4. Where is one heritage or cultural destination you think everyone with your interest(s) should visit?
I don’t know for sure, but I think intuitively it should be Gettysburg…I remember the place only vaguely as I was just maybe 10, 12, maybe 13 years old. While I have vague images in my mind, every American should go there and stand on the hallowed ground. They should reflect on the greatness and complexity of the country. I know I should return as Gettysburg is the center of American history; it is an icon for all this country went through to become what it is today.

5. What sorts of things do you like to learn during your travels?

I like to learn how people live their lives, what their aspirations are, what their dreams are, and how they deal with disappointments; what are the visions people in a particular place or culture have for themselves and their families. I always want to meet locals as this is what makes the traveling worthwhile.

6. What does heritage travel mean to you?
I guess I think heritage travel is unfortunately a cumbersome term. It carries with it a connotation of history and it does not feel to me like an active term…a little too heavy with history I think in some respects. I wish heritage travel could be described as roots travel, or interactive history travel, or what about American roots travel? A term with something more to hold on to; just a thought.

7. What are your favorite heritage-and culture-rich destinations?
I am reluctant to pick just one – each speaks to us differently and at different times of lives in different ways. Anything that is authentic. I don’t like costume things, and I want something that speaks to me more naturally. It is like asking which child you favor the most – each is valuable and gives something. But, if I were pressed, maybe Turkey or Morocco – genetically I am cultured towards those experiences so I’d likely lean towards them.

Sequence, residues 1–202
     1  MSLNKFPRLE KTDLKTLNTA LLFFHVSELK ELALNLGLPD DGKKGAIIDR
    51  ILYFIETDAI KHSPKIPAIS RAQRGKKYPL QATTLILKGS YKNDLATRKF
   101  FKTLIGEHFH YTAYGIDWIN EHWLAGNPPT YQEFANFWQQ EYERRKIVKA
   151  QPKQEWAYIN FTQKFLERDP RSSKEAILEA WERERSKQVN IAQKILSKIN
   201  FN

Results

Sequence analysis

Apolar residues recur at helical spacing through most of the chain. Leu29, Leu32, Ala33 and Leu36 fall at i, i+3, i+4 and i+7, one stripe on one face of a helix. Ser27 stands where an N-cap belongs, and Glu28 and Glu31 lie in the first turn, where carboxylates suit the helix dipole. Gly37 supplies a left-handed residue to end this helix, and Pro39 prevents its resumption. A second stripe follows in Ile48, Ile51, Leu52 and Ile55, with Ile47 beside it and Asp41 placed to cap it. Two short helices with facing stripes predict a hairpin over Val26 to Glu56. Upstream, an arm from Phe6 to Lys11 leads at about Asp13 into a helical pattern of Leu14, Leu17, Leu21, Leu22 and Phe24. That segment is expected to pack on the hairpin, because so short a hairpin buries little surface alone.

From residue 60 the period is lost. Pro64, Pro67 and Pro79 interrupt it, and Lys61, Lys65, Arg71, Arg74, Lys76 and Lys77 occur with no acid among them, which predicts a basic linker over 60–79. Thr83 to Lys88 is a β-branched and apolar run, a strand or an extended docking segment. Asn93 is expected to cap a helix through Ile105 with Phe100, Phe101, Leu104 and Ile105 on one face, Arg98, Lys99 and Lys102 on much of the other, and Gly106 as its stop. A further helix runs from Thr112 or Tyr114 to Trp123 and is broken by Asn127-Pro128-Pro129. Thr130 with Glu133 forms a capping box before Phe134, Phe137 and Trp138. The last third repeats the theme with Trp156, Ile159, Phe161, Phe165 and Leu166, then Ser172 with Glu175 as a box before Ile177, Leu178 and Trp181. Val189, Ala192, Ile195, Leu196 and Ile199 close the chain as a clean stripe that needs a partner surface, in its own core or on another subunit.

If you would like to be featured in an upcoming Heritage Q&A, or know someone who travels with a purpose and finds meaning in heritage- and culture-related travel experiences, please contact us.

Monday, May 11, 2009

Local Traveling: Discover Your Hometown

This week – May 9-17 – is National Travel and Tourism Week. But you don’t have to travel far to experience a new place. Just look beyond the familiar and seek out the hidden jewels your local area has to offer.

Since I moved to Charlottesville, Virginia in March, I have been taking a “discovery tour” of my new town every weekend. Living in the middle of downtown makes it that much easier, because all I have to do is walk out of my front door and let my curiosity guide me.

We asked our Twitter followers to recommend one “must-do” where they live. Here are just a few of the great responses:

AlaskaArtist (Dianne Hendrix, Palmer, Alaska):
Must walk over a glacier. Matanuska Glacier in Mat-Su Valley is easiest to get to by car from Glenn Highway.

“There are many glaciers to see in Alaska, but Matanuska Glacier is my choice for taking visiting friends. This glacier is easy to drive to going up the Glenn Highway until you see the signs. There are nice places along the way to take photos and the drive is beautiful. You will have a unique experience walking over glacier ice for hours. From the blue hues sparkling from the ice to the surrounding mountains your eyes and camera will be awed. Don't forget to look down or you will miss a treasure of things frozen in time in the ice.”

Agallihar (Amber Gallihar, Columbus, Ohio):
Gallery Hop in Columbus, Ohio. First Saturday of every month. Art, food, music and unique shops.

“One of the greatest things about Gallery Hop here in the Short North ‘arts’ district of Columbus, Ohio is that it is a different experience each time; partially because we get all four seasons here, which always changes the mood/themes. Work from local artists is displayed throughout a variety of businesses (everything from salons, retail, restaurants, bars, etc.) There are musicians and vendors parked into nooks along High Street which contribute to the whole "vibe" of the monthly event. With so much local art present, it sort of lures you into shops you might not necessarily walk in if they weren't displaying. It's just a fun, unique Columbus tradition that people from all ages enjoy.”